Before I read this I had read Paul McCartney: The Life. Norman writes in enormous detail but perhaps sometimes not about the most interesting stuff. The music is secondary but I feel like I now know everything (maybe too much) about both of these men who are my heroes despite their various and plentiful faults. It may be that I know so much about the songs and their origins that someone less well versed would get more out of it. If you are not into detail I might suggest a simpler bio of John (or Paul). It's interesting to read both books and compare the different views both the author and the subjects. He clearly bent a bit for both of them although there are parts of both books that are less than flattering. For instance, Norman seems particular fascinated by John's apparent incestuous interest in his own mother, Julia. And clearly he was really struggling from some of the events of his youth, particularly her untimely death.

And I suppose the big question is still; Who broke up the Beatles? Clearly the death of Brian Epstein was a factor but it also seems clear John was determined to leave and used Yoko as a wedge to make that happen. it was just never going to work having her in the studio and the idea of her providing input on the music made it worse. a damn shame but they left behind a treasure trove. John's death is still one of the seminal moments in my life. We know from Double Fantasy that there was much more to come.
2 internautes sur 2 ont trouvé ce commentaire utile 
5.0 étoiles sur 5 HOME RUN! 13 septembre 2015
Par BigDrumDaddy - Publié sur
Format: Format Kindle Achat vérifié
In JOHN LENNON: THE LIFE, Author Philip Norman has complied possibly the most complete, concise, honest and forthright biography of the late John Lennon to date. And it saddens me that Yoko couldn't bring herself to endorse it because, as she said, "He was mean to John."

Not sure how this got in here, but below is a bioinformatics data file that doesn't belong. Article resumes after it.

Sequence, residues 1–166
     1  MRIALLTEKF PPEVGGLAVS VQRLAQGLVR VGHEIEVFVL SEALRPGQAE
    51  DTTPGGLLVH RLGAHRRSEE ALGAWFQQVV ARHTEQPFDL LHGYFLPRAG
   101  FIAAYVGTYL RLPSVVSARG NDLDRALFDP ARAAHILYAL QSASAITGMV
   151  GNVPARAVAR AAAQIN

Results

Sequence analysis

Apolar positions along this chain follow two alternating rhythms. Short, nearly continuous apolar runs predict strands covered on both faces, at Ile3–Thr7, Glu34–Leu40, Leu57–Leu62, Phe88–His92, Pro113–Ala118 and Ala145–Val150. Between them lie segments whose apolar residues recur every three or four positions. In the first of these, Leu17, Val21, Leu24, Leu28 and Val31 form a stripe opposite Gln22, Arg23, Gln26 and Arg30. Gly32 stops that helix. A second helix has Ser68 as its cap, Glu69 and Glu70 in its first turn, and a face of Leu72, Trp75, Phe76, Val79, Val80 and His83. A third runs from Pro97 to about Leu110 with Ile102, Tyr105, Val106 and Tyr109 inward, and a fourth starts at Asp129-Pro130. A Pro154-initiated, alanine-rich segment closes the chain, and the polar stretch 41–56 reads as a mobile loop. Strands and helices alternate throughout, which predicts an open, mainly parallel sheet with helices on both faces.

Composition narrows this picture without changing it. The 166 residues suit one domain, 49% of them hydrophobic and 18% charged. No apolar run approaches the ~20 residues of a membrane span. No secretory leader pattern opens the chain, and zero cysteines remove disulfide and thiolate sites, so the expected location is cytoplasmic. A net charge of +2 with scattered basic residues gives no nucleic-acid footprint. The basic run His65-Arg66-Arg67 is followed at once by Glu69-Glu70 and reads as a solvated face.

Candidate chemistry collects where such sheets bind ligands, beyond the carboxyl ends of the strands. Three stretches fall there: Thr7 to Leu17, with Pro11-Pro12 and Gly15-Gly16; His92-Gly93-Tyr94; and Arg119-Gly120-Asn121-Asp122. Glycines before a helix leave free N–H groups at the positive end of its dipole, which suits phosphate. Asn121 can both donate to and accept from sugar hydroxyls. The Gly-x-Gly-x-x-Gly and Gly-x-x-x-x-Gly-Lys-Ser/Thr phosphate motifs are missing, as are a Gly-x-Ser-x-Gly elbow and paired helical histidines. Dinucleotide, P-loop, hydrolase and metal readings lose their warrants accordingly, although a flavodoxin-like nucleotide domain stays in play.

That may be the most telling aspect of the whole ordeal. For, if anything, it was John himself who was most mean to John - and nearly everyone else. Even the most casual Beatles fan knows that. And Yoko was, in many ways, his facilitator. In others, the mother figure he never truly experienced.
Nonetheless, from his early childhood to Quarry Bank, to Beatlemania and well beyond - until the day of his tragic murder - Philip Norman covers it all in exacting detail, straight from the mouths of John Lennon's family, friends, and closest confidants. And all the names and footnotes are laid out for all the whole to see. So, to that end I say, "Bravo Mr. Norman!" You've taken on one of the most beloved and controversial figures of the 20th Century, laid him bare, raised him up, praised him where deserving, and - not really criticized - but shown us all just how complicated, confused and conflicted this self proclaimed "Working Class Hero" could be.
In doing so you've painted a picture of a man with parental & authority issues, who never quite grew up, yet managed to reach heights never before scaled by anyone in his chosen profession. A man full of insecurities and paranoia. A drug addict. Sex addict. And God only knows what else. And yet he managed to author some of the most endearing, inspiring, tender, and meaningful songs of his time. And despite all his flaws, bared to the world for decades now, he remains beloved by untold millions still.
You've taken the story of this complicated man, and told it in a straightforward, unapologetic fashion. Told his story, good, bad and otherwise - warts & glory - in a manner easy for anyone to understand and relate to. And done a fine job of it sir. And John Lennon fans everywhere (this one included) are forever in your debt.
2 internautes sur 2 ont trouvé ce commentaire utile 
4.0 étoiles sur 5 I was an avid Beatle fan from early on but George was always my favorite. Such a great musician but did not seem ... 9 juillet 2015